SCI Vision from 2013-2016ACPL's vision is to be a "centre of excellence" that provides commercial expertise and value for money to the Council in managing its property portfolio, acquisition and disposal activities, and the delivery of projects that implement Council development initiatives. The Waterfront vision, as set out in the Waterfront Plan, is for a world class destination that excites the senses and celebrates our sea loving business culturee and maritime history. It supports commercially successful and innovative businesses and is a place for all people, an area rich in character and activities that link people to the city and the sea.
SCI Goals• Properties managed for council and Auckland Transport are maintained to be fit for purpose and achieve optimum returns.
• Place shaping projects involving other sector partners, are efficiently planned and managed to completion.
• ACPL contributes exemplar housing developments to increase the supply of housing in Auckland, particularly in the more affordable spectrum of the market, working with partners.
• Council business interests on properties held in ACPL portfolio are managed to protect long term value and achieve budgeted net return.
• Properties are acquired for Council and AT in a commercially robust manner and in accordance with Council and AT agreed requirements and relevant legislation.
• Properties are disposed of on behalf of Council and AT in a commercially robust manner once declared surplus.
• Council is provided with a commercial perspective on planning and development initiatives to support effective implementation of those initiatives.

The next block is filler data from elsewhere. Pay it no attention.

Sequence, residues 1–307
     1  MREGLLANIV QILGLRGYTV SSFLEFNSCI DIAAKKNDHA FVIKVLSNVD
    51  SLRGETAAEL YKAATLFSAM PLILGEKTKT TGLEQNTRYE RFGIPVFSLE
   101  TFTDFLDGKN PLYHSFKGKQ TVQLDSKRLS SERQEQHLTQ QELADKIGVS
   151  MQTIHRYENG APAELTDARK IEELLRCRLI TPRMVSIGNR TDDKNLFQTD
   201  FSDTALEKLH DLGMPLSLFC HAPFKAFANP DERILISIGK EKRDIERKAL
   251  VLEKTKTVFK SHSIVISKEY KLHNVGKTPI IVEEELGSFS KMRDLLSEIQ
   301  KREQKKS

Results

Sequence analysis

• A place for all Aucklanders and visitors to Auckland, a destination that is recognised for its outstanding design and architecture, natural environmental quality, public spaces, recreational opportunities, facilities and events; a place where we protect/enhance and express our cultural heritage and history, and celebrate our great achievements as a city and nation.
• Attracts high value innovative, creative and green businesses and investment that increases jobs and achieves a significant lift in productivity, a place for authentic and gritty waterfront activities: the marine and fishing industries, water transport and port activities.
• A place that is highly accessible, and easy to move around in, where people and communities feel connected to the wider city, harbour and beyond by improved pedestrian and cycling linkages, fast, frequent and low-impact passenger transit, state-of-the-art
telecommunications and through supportive community and business networks.
• A resilient place where integrated systems and innovative approaches are taken to enhance the marine and natural eco-systems, conserve natural resources, minimise environmental impacts, reduce waste, build responsibly and respond to climate change.
• The location of leading sustainable urban transformation in Auckland; the most liveable New Zealand central
city community; a vibrant mix of residents, workers, visitors and activities. A welcoming and resilient
neighbourhood that is safe, diverse and attractive, with plentiful open space and access to local services and facilities.
Annual Report extracts from Chairman and/or CEO• The value of the portfolio under the management and control of ACPL grew to more than $1.1 b. Auckland Council and Auckland Transport’s significant capital investment programmes that require property acquisitions contributed to the net portfolio growth during the year.
• A key part of obtaining value from Council’s property portfolio is the ongoing initiative to identify properties which are surplus... and obtaining approval...  for their sale. For the 2013/14 year ACPL had two targets focused on this initiative. The first target was to recommend $100m worth of disposals to the Council’s Finance and Performance Committee by December of 2013, a target which was exceeded... Unconditional sales total achieved was $19.1m, slightly short of $20.4m target.
• In response to our shareholder’s focus on the importance of increasing the supply of housing in the region, with an emphasis on the more affordable segment of the market, ACPL has been steadily increasing the range of its activities in facilitating these developments. A consequential impact is associated regeneration benefits for town centres, as many developments are close to town centres. Examples of our activities are: